From now on I will posting a every Nobel Prize winner on here every week on Women’s Daily Essentials (a Magazine for Women) to inspire more women to aspire to become Nobel Prize Winners.
This week we will be about what the Nobel Prize is all about.
|The Nobel Prize|
|Awarded for||Outstanding contributions for humanity in chemistry, economics, literature, peace, physics, or physiology or medicine|
|No. of laureates||579 Prizes to 911 Laureates as of 2016|
The Nobel Prize (/ˈnoʊbɛl/, Swedish pronunciation: [nʊˈbɛl]; Swedish definite form, singular: Nobelpriset; Norwegian: Nobelprisen) is a set of annual international awards bestowed in a number of categories by Swedish and Norwegian institutions in recognition of academic, cultural, and/or scientific advances.
The will of the Swedish inventor Alfred Nobel established the prizes in 1895. The prizes in Chemistry, Literature, Peace, Physics, and Physiology or Medicine were first awarded in 1901. Medals made before 1980 were struck in 23 carat gold, and later from 18 carat green gold plated with a 24 carat gold coating. Between 1901 and 2015, the Nobel Prizes and the Prize in Economic Sciences were awarded 573 times to 900 people and organisations. With some receiving the Nobel Prize more than once, this makes a total of 23 organisations, and 870 individuals.
The prize ceremonies take place annually in Stockholm, Sweden (with the exception of the peace prize, which is held in Oslo, Norway). Each recipient, or laureate, receives a gold medal, a diploma, and a sum of money that has been decided by the Nobel Foundation. (As of 2012, each prize was worth SEK 8 million or about US$1.2 million, €0.93 million, or £0.6 million.) The Nobel Prize is widely regarded as the most prestigious award available in the fields of literature, medicine, physics, chemistry, peace, and economics.
The Royal Swedish Academy of Sciences awards the Nobel Prize in Physics, the Nobel Prize in Chemistry, and the Nobel Memorial Prize in Economic Sciences; the Nobel Assembly at Karolinska Institutet awards the Nobel Prize in Physiology or Medicine; the Swedish Academy grants the Nobel Prize in Literature; and the Nobel Peace Prize is awarded not by a Swedish organisation but by the Norwegian Nobel Committee.
The prize is not awarded posthumously; however, if a person is awarded a prize and dies before receiving it, the prize may still be presented. Though the average number of laureates per prize increased substantially during the 20th century, a prize may not be shared among more than three people.
Alfred Nobel ( listen (help·info)) was born on 21 October 1833 in Stockholm, Sweden, into a family of engineers. He was a chemist, engineer, and inventor. In 1894, Nobel purchased the Bofors iron and steel mill, which he made into a major armaments manufacturer. Nobel also invented ballistite. This invention was a precursor to many smokeless military explosives, especially the British smokeless powder cordite. As a consequence of his patent claims, Nobel was eventually involved in a patent infringement lawsuit over cordite. Nobel amassed a fortune during his lifetime, with most of his wealth from his 355 inventions, of which dynamite is the most famous.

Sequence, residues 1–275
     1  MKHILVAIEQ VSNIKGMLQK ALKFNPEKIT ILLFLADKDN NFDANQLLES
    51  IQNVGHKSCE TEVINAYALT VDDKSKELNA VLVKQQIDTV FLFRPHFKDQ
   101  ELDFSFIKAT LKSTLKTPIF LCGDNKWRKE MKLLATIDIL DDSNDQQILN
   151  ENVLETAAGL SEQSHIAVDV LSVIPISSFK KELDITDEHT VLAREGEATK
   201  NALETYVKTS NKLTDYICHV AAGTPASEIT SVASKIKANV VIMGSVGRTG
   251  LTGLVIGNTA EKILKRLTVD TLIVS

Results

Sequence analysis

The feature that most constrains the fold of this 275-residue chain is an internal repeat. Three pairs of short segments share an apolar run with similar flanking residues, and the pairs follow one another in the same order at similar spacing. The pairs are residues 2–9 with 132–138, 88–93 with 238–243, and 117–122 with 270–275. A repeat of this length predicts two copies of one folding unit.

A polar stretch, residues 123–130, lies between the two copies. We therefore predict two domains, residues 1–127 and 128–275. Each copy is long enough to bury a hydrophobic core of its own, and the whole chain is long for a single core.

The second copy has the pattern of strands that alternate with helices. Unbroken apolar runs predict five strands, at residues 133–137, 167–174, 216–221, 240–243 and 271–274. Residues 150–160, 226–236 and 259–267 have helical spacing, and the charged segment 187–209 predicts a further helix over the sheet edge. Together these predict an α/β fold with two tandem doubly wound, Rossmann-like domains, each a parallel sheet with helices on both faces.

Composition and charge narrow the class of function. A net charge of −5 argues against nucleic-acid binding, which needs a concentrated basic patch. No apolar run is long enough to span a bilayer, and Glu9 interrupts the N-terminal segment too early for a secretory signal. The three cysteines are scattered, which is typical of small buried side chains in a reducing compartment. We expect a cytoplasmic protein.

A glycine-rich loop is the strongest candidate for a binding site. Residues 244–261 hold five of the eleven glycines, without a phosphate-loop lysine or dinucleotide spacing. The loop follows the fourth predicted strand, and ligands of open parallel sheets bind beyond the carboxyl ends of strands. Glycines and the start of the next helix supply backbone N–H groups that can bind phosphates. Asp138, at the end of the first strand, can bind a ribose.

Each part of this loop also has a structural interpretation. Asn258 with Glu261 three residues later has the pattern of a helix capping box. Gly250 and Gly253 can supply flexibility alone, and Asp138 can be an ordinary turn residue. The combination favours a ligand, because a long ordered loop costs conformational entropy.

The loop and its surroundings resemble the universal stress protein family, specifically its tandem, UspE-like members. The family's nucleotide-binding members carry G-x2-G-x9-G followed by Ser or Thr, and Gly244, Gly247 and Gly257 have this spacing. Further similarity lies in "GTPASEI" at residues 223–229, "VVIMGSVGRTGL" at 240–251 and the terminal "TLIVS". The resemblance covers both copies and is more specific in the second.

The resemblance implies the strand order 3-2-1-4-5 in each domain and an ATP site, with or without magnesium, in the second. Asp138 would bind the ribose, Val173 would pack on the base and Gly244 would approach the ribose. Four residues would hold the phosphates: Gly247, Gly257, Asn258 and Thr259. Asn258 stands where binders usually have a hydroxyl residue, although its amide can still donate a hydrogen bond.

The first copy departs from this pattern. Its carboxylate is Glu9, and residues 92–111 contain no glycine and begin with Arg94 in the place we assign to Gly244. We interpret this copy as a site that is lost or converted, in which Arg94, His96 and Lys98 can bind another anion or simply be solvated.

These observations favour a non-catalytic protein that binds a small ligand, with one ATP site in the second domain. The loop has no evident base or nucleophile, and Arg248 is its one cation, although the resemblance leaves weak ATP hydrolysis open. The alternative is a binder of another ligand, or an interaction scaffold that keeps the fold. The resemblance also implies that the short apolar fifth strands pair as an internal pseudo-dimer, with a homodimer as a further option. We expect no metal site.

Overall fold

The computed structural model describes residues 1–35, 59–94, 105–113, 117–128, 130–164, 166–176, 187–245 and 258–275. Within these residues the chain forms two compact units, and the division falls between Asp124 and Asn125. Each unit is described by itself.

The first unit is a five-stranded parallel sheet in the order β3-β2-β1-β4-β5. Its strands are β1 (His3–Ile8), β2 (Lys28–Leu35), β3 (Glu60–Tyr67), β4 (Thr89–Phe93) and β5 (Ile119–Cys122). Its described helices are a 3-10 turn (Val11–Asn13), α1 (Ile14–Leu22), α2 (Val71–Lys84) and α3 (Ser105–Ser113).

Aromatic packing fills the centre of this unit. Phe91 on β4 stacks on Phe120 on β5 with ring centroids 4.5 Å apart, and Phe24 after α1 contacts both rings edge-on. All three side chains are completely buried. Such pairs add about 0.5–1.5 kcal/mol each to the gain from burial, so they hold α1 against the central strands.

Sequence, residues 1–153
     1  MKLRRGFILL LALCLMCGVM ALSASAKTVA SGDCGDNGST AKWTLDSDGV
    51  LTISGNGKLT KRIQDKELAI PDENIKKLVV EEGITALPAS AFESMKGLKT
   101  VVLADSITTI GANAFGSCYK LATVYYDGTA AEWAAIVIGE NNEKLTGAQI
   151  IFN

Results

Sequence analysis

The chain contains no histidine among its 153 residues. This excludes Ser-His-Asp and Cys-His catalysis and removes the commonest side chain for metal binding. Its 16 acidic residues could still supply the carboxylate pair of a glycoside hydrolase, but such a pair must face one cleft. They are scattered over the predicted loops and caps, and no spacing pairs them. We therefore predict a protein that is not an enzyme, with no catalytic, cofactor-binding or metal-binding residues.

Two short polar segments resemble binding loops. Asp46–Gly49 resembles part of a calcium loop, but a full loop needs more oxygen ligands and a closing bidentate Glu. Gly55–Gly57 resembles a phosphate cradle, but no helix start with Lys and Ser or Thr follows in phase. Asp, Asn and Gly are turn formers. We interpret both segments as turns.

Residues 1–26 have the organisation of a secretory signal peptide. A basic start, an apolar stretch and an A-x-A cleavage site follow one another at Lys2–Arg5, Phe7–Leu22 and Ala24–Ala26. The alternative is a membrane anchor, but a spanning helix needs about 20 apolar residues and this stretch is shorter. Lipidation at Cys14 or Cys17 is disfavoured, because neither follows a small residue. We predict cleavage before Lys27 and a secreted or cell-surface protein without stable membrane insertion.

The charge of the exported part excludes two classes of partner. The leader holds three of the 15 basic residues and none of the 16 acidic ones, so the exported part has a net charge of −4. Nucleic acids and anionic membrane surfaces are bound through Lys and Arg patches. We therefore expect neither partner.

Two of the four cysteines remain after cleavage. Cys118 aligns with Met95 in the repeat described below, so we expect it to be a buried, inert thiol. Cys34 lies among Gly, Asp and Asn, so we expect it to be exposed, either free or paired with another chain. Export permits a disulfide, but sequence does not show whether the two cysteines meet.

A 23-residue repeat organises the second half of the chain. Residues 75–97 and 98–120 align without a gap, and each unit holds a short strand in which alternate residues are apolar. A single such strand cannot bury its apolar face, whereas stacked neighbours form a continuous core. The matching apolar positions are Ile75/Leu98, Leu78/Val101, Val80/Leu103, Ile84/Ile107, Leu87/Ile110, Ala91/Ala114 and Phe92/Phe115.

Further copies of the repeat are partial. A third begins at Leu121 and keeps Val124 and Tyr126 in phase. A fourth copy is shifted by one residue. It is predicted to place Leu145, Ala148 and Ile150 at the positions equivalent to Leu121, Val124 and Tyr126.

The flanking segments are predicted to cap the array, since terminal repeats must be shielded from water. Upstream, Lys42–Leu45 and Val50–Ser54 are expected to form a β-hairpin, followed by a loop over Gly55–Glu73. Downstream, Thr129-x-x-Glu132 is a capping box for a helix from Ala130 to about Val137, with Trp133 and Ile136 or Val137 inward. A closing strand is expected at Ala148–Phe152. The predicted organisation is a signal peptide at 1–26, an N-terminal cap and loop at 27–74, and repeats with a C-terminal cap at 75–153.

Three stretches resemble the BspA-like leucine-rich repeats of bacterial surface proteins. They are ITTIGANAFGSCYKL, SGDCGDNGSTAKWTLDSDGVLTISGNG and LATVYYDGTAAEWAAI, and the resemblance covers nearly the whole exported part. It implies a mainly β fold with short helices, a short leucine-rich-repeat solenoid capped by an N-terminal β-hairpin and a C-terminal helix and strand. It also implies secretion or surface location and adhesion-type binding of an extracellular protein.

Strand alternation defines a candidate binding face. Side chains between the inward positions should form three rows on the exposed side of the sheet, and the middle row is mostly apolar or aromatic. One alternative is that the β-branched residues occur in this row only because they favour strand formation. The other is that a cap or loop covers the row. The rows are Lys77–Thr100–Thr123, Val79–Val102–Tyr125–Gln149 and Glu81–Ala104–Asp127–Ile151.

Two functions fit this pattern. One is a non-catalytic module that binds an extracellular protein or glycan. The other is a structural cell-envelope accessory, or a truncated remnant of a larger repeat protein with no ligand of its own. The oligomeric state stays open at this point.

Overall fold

In 1888, Nobel was astonished to read his own obituary, titled The merchant of death is dead, in a French newspaper. As it was Alfred’s brother Ludvig who had died, the obituary was eight years premature. The article disconcerted Nobel and made him apprehensive about how he would be remembered. This inspired him to change his will. On 10 December 1896, Alfred Nobel died in his villa in San Remo, Italy, from a cerebral haemorrhage. He was 63 years old.
Nobel wrote several wills during his lifetime. He composed the last over a year before he died, signing it at the Swedish–Norwegian Club in Paris on 27 November 1895. To widespread astonishment, Nobel’s last will specified that his fortune be used to create a series of prizes for those who confer the “greatest benefit on mankind” in physics, chemistry, physiology or medicine, literature, and peace. Nobel bequeathed 94% of his total assets, 31 million SEK (c. US$186 million, €150 million in 2008), to establish the five Nobel Prizes. Because of skepticism surrounding the will, it was not until 26 April 1897 that it was approved by the Storting in Norway. The executors of Nobel’s will, Ragnar Sohlman and Rudolf Lilljequist, formed the Nobel Foundation to take care of Nobel’s fortune and organise the award of prizes.
Nobel’s instructions named a Norwegian Nobel Committee to award the Peace Prize, the members of whom were appointed shortly after the will was approved in April 1897. Soon thereafter, the other prize-awarding organisations were designated or established. These were Karolinska Institutet on 7 June, the Swedish Academy on 9 June, and the Royal Swedish Academy of Sciences on 11 June. The Nobel Foundation reached an agreement on guidelines for how the prizes should be awarded; and, in 1900, the Nobel Foundation’s newly created statutes were promulgated by King Oscar II. In 1905, the personal union between Sweden and Norway was dissolved.
The Nobel Foundation was founded as a private organisation on 29 June 1900. Its function is to manage the finances and administration of the Nobel Prizes. In accordance with Nobel’s will, the primary task of the Foundation is to manage the fortune Nobel left. Robert and Ludvig Nobel were involved in the oil business in Azerbaijan, and according to Swedish historian E. Bargengren, who accessed the Nobel family archives, it was this “decision to allow withdrawal of Alfred’s money from Baku that became the decisive factor that enabled the Nobel Prizes to be established”. Another important task of the Nobel Foundation is to market the prizes internationally and to oversee informal administration related to the prizes. The Foundation is not involved in the process of selecting the Nobel laureates. In many ways, the Nobel Foundation is similar to an investment company, in that it invests Nobel’s money to create a solid funding base for the prizes and the administrative activities. The Nobel Foundation is exempt from all taxes in Sweden (since 1946) and from investment taxes in the United States (since 1953). Since the 1980s, the Foundation’s investments have become more profitable and as of 31 December 2007, the assets controlled by the Nobel Foundation amounted to 3.628 billion Swedish kronor (c. US$560 million).